We know where that planet-warming carbon comes from. Carbon emissions cause climate change, and 90 companies are responsible for most of those emissions, according to one scientist’s accounting (Science). Also: More than half of those emissions took place since 1988 — the year Congress heard testimony that warming was definitely for real. In other words: Neither Exxon nor any other corporation can say, “We didn’t know.” Richard Heede is the “carbon accountant” who did these numbers, which have, predictably galvanized environmental activists and alarmed the energy industry and its political defenders. Critics say Heede’s work just pins big “kick me” signs on the backs of specific companies, when it’s really those companies’ customers — all of us — who are to blame. On the other hand, as a Heede supporter argues, “if everyone is responsible then no one is responsible.” Figuring out where all the carbon has come from is surely a valid first step toward arresting the catastrophic advance of global warming. If that data threatens the fossil-fuel industry, don’t blame — or subpoena — the messenger.
Lately I’ve been writing about the relative virtues of basic income and child allowance proposals to counteract poverty and inequality. These seem like novel ideas on the American scene today. But in fact, there was a time when both of these ideas were seriously proposed on Capitol Hill. After forty-five years of lost faith in government, we are simply rediscovering the ambitions we once held.
In August 1969, President Richard Nixon unveiled a basic income scheme for needy families with children called the “Family Assistance Plan.” (FAP) Under Nixon’s FAP, a family of four would receive $1,600 annually from the federal government, or about $10,500 in 2016 dollars. For families deriving income from work, the FAP would gradually phase out above a certain level. Indeed, FAP included a work requirement for most “employable” individuals.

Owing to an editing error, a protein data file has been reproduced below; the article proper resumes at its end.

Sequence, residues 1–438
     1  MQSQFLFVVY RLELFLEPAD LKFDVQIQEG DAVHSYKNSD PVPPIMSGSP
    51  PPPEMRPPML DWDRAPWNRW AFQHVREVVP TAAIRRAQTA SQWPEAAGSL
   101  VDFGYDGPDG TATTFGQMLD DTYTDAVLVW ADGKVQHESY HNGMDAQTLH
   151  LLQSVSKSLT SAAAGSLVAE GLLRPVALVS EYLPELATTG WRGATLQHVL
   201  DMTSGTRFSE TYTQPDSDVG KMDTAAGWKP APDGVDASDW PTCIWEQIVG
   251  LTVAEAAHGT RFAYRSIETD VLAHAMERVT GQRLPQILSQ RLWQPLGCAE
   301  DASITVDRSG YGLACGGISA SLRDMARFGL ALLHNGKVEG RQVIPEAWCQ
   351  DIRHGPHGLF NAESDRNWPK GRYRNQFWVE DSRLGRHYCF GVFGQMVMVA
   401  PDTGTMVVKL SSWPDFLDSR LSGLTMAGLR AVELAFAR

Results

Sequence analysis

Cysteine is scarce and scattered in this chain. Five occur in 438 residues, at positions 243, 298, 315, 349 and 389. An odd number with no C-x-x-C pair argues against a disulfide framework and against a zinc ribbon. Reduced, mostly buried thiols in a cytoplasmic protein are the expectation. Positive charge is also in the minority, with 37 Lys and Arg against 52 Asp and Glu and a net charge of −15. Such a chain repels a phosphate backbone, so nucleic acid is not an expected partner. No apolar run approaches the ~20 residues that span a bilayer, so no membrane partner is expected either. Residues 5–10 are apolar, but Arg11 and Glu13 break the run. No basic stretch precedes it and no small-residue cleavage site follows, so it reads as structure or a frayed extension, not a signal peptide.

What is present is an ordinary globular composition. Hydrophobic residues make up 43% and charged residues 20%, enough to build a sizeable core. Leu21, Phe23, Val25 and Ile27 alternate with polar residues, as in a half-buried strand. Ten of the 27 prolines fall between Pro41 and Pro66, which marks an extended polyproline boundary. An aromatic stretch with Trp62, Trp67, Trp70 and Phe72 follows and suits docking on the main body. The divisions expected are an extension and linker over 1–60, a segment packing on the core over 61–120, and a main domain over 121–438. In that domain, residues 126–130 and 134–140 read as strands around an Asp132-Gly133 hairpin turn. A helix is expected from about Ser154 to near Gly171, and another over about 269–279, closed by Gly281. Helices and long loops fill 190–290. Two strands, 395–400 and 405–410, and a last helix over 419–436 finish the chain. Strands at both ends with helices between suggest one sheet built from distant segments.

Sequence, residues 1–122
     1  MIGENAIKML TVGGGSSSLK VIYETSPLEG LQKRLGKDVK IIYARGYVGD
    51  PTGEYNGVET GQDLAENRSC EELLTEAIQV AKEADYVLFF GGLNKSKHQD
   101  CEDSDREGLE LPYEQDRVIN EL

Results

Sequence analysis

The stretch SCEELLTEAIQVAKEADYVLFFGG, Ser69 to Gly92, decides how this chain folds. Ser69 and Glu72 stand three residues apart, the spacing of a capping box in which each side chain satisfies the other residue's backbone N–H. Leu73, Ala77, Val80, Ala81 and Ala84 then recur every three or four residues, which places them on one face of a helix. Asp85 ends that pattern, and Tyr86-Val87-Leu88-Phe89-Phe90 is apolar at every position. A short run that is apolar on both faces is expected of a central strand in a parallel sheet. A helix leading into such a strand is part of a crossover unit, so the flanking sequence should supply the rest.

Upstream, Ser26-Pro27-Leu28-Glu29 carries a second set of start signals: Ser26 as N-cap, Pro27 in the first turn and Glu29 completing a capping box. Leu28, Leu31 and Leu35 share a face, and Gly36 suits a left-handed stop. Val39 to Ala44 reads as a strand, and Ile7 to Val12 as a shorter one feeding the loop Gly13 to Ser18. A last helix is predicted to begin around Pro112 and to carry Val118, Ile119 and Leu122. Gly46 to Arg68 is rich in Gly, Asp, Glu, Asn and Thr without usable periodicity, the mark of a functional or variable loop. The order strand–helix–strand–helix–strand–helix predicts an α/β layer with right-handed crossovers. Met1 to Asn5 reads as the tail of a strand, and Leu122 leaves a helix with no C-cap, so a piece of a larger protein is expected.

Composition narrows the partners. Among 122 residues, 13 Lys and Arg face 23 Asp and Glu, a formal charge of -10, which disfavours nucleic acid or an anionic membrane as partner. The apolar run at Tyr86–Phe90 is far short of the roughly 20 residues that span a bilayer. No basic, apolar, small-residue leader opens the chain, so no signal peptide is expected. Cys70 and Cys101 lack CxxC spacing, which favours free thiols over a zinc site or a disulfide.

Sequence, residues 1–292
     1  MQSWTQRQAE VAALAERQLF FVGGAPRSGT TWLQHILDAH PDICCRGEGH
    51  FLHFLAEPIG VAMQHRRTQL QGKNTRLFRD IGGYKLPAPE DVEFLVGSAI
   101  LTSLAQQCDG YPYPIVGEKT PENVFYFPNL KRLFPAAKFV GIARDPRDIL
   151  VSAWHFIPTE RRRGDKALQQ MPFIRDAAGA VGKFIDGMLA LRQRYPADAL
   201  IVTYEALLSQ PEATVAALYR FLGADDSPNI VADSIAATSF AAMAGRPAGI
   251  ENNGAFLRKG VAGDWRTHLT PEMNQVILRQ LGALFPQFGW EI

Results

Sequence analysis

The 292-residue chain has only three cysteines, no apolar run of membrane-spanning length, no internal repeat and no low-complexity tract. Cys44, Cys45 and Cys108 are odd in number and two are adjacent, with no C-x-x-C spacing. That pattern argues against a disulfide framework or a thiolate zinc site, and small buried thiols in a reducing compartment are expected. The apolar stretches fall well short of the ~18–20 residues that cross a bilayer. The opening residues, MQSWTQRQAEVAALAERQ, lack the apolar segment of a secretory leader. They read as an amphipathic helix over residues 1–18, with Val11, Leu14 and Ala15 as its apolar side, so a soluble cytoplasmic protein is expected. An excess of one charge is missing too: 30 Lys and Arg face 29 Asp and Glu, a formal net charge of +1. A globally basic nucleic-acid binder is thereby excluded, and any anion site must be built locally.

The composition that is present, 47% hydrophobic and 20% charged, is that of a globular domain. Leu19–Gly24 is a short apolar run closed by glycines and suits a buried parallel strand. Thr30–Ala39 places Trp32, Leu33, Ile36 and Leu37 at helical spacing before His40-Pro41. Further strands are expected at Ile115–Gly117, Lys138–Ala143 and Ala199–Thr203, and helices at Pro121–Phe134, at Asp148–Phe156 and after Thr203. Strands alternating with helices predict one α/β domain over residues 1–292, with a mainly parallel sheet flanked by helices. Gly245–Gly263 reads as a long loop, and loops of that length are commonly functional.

Startup formula: Big data + lawsuits = profit. Legalist, a startup founded by two Harvard undergrads that launched at Y Combinator’s summer Demo Day this week, tries to figure out who’s going to win business lawsuits — then bankrolls the winning side to collect a share of the award or settlement (Business Insider). Yes, this is similar to what Peter Thiel did to Gawker, except he was out for revenge, not returns. Maybe it’s just a total coincidence that one of Legalist’s founders is a Thiel Fellow. But the company’s concept shares the financier’s traits: It’s appealingly radical in its thinking, and disturbingly casual in its disregard for collateral damage. Once upon a time, Legalist’s business model was known as “champerty,” and was against the law. Today it’s called “litigation finance” and has become a growth sector. Hedge funds are already investing in lawsuits, so why not apply some big-data-fueled, deep-learning-powered smarts to win such bets? Maybe because that’s just begging for a backlash. A sustained public outcry might could get federal, state and local governments to reform their legal systems to make them less easily influenced by infusions of cash. That’s an outcome we could get behind.
Is Vanguard un-American? A lot of investors like index funds because they charge low fees and therefore deliver higher returns in the long run. The folks at brokerage Sanford C. Bernstein & Co. want you to know that such “passive” investing, however attractive it may look, is actually anti-capitalist and probably un-American, too (Bloomberg). They’ve written an article — titled “The Silent Road to Serfdom: Why Passive Investing is Worse Than Marxism” (but curiously unavailable on their website) — that attempts to make a moral and social case for the value-add that active investment managers provide. “A supposedly capitalist economy where the only investment is passive is worse than either a centrally planned economy or an economy with active market led capital management,” they write. Of course, this is one big hypothetical; nobody has advocated outlawing stock-picking fund managers, and there will always be people who think they can beat the market. Mostly, it sounds like Bernstein & Co. are frustrated that so many investors have finally started taking the market’s common-sense cues and abandoning the active funds along with the high fees they charge.